Cellulosic ethanol is being commercially generated right now. Burning it releases less carbon dioxide—ideally, no carbon dioxide—into the
atmosphere, and producing it requires no new drilling for fossil fuels
underground. All that needs to happen is for the chemistry to advance
enough to make it as economically viable as petroleum, and your future
fill-up at a gas pump may have a sticker that says “Contains 10% Petroleum” in your ethanol.
Ethanol Facts: Engine Performance. Renewable Fuels Association, 2014:
Colaneri, K. AP: Environmental Impacts of Ethanol May Outweigh the Benefits.
State Impact: A Reporting Project of National Public Radio Member Stations,
Nov 12, 2013: https://stateimpact.npr.org/pennsylvania/2013/11/12/ethanol/
[accessed Jan 2016].
Overview of Greenhouse Gases: Carbon Dioxide Emissions. U.S. Environmental
Protection Agency: http://www3.epa.gov/climatechange/ghgemissions/gases/
co2.html [accessed Jan 2016].
Jonathan Sherwood is a science writer who lives in Rochester, N. Y. This is his
first article in ChemMatters.
molecules that work with cellulose to create sturdy plant cell walls
(Fig. 4). Lignin encloses the cellulose and hemicellulose molecules,
making them difficult to reach. To access cellulose, it must be separated
from the other molecules.
Chemists have several ways of extracting the glucose from cellulose,
either biochemically or thermochemically (Fig. 5).
Cellulosic ethanol holds promise
There is still a great deal of research to be done to find the best way
to make cellulosic ethanol. The prize for the individual who finds an economical way of converting plants to a biofuel, such as ethanol, is estimated to be a $1.4 trillion consumer market within a decade, according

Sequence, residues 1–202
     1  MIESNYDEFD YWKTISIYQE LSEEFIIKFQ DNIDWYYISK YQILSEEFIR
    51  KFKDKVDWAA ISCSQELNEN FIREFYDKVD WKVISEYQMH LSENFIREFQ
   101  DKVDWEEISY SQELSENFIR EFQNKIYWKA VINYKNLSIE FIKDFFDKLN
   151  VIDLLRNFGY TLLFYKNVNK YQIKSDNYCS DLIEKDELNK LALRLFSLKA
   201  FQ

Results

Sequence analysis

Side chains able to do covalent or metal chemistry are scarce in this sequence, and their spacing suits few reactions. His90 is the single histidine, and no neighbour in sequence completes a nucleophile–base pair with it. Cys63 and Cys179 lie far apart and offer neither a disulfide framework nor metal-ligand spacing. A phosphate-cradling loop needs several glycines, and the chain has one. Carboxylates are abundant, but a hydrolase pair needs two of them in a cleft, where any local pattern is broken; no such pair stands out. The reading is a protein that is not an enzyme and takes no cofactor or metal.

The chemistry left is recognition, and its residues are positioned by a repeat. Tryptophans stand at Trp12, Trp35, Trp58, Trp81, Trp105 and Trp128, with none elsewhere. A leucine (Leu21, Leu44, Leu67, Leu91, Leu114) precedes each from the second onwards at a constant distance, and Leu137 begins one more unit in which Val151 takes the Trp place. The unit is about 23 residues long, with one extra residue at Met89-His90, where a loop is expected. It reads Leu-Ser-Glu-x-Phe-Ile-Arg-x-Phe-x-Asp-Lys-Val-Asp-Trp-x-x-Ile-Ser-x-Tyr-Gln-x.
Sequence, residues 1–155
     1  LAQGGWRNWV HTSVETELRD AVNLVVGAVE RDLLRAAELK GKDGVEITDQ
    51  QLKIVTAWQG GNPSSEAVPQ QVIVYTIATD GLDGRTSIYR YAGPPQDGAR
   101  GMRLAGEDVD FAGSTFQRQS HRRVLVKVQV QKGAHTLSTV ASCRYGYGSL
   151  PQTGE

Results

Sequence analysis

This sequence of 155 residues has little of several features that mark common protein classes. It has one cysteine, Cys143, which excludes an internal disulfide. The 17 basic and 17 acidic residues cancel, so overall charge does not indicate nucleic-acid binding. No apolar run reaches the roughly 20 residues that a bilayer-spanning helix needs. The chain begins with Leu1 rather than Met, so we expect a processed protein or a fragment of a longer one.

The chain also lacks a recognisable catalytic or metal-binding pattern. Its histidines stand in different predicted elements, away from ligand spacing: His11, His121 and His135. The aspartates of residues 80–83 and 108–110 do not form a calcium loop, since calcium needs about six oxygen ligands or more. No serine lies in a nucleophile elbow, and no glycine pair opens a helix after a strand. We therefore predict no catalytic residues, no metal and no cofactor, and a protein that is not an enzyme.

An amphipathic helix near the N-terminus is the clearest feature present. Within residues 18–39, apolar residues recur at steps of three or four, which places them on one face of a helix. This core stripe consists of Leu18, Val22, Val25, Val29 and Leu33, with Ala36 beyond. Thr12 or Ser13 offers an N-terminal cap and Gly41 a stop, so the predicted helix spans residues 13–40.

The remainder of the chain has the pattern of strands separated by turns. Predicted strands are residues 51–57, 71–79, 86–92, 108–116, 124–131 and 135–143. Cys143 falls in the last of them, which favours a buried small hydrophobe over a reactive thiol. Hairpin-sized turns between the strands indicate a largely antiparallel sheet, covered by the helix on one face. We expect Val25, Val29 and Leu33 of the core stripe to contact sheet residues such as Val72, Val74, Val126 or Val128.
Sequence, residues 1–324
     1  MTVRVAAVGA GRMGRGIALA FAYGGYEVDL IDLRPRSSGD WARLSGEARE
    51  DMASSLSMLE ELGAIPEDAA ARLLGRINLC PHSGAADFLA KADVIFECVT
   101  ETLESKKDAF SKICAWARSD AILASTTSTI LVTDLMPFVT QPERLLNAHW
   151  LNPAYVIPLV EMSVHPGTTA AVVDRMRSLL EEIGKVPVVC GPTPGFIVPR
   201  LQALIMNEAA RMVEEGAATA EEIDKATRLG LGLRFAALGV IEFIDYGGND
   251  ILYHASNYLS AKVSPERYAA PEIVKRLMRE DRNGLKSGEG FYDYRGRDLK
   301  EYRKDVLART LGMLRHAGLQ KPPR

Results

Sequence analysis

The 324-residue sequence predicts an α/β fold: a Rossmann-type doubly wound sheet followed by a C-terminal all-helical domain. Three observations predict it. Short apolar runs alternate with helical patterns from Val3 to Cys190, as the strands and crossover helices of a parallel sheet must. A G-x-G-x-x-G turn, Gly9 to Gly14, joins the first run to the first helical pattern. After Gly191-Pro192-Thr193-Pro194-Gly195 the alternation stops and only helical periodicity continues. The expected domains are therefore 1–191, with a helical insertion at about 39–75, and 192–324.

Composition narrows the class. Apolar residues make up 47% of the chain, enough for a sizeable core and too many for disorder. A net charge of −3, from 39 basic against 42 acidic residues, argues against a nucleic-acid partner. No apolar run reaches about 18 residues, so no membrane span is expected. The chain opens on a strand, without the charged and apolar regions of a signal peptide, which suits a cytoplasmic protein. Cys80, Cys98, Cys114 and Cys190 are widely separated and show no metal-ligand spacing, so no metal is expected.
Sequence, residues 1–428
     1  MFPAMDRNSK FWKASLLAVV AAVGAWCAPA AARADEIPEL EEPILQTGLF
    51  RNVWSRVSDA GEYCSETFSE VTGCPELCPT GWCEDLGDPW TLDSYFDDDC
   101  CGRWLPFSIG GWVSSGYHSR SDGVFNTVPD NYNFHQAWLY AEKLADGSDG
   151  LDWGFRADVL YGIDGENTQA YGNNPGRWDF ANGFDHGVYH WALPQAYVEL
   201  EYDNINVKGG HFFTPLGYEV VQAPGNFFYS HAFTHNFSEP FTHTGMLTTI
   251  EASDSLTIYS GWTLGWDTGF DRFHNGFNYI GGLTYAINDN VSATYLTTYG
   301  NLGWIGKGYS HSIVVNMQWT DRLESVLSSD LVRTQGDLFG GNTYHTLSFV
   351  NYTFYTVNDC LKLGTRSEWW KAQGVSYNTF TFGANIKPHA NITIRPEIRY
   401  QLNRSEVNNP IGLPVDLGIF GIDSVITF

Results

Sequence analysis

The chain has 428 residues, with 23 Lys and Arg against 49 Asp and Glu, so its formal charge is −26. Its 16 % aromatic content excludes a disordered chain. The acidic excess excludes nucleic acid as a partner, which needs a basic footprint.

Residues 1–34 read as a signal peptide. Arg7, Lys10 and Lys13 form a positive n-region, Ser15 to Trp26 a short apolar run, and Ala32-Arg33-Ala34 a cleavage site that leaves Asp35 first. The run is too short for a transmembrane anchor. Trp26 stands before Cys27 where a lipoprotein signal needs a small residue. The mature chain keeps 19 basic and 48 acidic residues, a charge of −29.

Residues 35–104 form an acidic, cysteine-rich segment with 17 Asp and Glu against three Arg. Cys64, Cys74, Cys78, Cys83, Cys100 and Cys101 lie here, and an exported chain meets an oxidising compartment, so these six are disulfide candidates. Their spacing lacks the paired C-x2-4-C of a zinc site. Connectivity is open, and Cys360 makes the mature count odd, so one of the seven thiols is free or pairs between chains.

to the Renewable Fuels Association.
Currently, only about 3 million gallons of cellulosic ethanol is produced in the United States each year, compared to 15 billion gallons of
corn ethanol and 290 billion gallons of petroleum. However, researchers
estimate there are enough plant materials—such as forest trimmings,
lumber mill scraps, and agricultural waste—to supply enough cellulosic
ethanol to replace half of the country’s petroleum needs in the near
future. These plant materials are currently left to rot, are burned, or are
sent to landfills. No new crops need to be planted, and no conversion of
rainforests to farmland needs to occur. U . S
18 ChemMatters | APRIL/MAY 2016 www.acs.org/chemmatters
Six- to seven-year-old poplar
trees grown for biofuels
Figure 5. Glucose can be extracted from a plant’s waste materials by one of two methods, which are shown here. (A)
In the biochemical method, the plant’s waste material is dried and ground up and then soaked in sulfuric acid, which
removes the lignin and releases the hemicellulose and cellulose; enzymes break the cellulose into individual glucose
molecules, and a mix of microbes is added to ferment the sugars into ethanol. (B) In the thermochemical method, the
plant material is treated with hot steam to break it down into “syngas,” or “synthesis gas,” which is mainly a mixture
of carbon monoxide (CO) and hydrogen (H2); the carbon monoxide and hydrogen are passed over a metal catalyst,
and they combine to form ethanol and other alcohols.
other alcohols Syngas
Figure 4. Plant cell walls are made
of cellulose molecules (yellow)
surrounded by lignin (red) and
hemicellulose (blue), two groups of
molecules that are very difficult to
break down. This is the main reason
why ethanol from cellulose
is difficult to produce.